Howell Mountain Boys

Howell Mountain Boys play two shows Thursday, June 20, at Blue Note Napa.

Like most bands, Napa’s Howell Mountain Boys can trace their origins back to jam sessions, in their case to a pizza parlor and a clothing store. The seven-piece bluegrass band will return to Blue Note Napa for two shows this Thursday, June 20.

I sat down last week with singer-guitarist Bruce Wilson and banjo man Glen Bettencourt to talk about the band members and their music.

In defining their songs, Wilson said, “heavily bluegrass.” In an earlier incarnation, they were the Napa Valley Ramblers with a significant Irish influence. But according to Wilson, “that just didn’t work out and, well, we don’t have any Irish players now.”

Many of the band members met at a regular jam session at Pizza Hut in Napa. Wilson encouraged the players to move over to Wildcat Clothing, at the time downtown on First Street (his spouse Thea Witsil’s vintage clothing shop). They played out in front of Wildcat every Wednesday.

“We coalesced as a band,” Bettencourt said. “When somebody walked up and asked, ‘You guys ever play anywhere? You want to play at a party I’m having?’ And that was just all.”

“Another thing that brought us together, coalesced the band, was Porchfest,” Wilson said. They have performed at Porchfest for the past four years.

Wilson plays guitar and is the lead singer. “Thea and I have been living in Napa for almost 30 years,” he said. “I’m originally from Quakertown, Pennsylvania. My first exposure to this kind of music was at the Philadelphia Folk Festival, a big gathering where they have all kinds of Americana music.”

“One more year as a high school teacher in Vallejo and then I’m going to retire,” Wilson added. “I teach psychology, history, government, economics, social science.”

Bettencourt said that he has been playing the five-string banjo for over 40 years. “I retired from the school district in 2013,” he said, “and I got bored. So ever since I’ve been a substitute teacher for the school district, so I’m still working.”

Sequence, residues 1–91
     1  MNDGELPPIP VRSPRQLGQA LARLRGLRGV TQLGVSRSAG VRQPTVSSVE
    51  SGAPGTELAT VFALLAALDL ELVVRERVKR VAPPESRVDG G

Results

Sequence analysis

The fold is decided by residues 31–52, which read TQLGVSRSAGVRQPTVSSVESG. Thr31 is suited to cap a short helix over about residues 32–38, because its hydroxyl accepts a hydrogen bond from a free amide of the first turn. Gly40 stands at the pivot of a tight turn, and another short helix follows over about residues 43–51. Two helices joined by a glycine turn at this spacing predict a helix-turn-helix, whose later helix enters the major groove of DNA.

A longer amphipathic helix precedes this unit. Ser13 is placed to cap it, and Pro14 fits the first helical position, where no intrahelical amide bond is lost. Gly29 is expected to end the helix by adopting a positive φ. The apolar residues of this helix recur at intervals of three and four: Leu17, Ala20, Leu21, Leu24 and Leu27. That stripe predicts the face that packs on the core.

He describes himself as an anomaly compared with other banjo players. “When I first started to play, I was living in an apartment,” Bettencourt said. “I learned to play very quietly. Fast, accurate, but quietly. I still play quiet. In fact, I get people asking me to play louder.”

Bass player Roy Barush worked as a communications technician for the County of Napa for 28 years. “With that experience, I help out with technical and mechanical systems for the synagogues in Napa and Vallejo,” he said. “I also help with tech for the programs put on by NCTC (Napa Center for Thought and Culture).”

In addition to playing with the Howell Mountain Boys, Barush also plays with the Pickle Creek String Band and Pacific Ridge.

Duncan Lautze is a longtime Napan who works as the parts manager at Jimmy Vasser Toyota. He plays resophonic guitar, a steel acoustic instrument played with a slide.

Michael Meehan, an orthopaedic surgeon at Kaiser-Vallejo, is a multi-instrumentalist, playing accordian, harmonica and keyboards.

Dan Weigardt plays mandolin. “Dan is an electrician who travels all around the Bay Area for work,” Wilson said.

Finally, Sarah Marriott is the fiddle player. According to Wilson, “she is a lawyer married to a winemaker and they have triplets. So how she finds time to play with us I don’t know, but she manages to.”

— Thursday, June 20, 6:30 p.m. and 8:30 p.m. $10-$15. Blue Note Napa, 1030 Main St., Napa. 707-880-2300. BlueNoteNapa.com.

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David Kerns is a Napa-based novelist and freelance journalist. You can view more of his work at DavidKerns.com.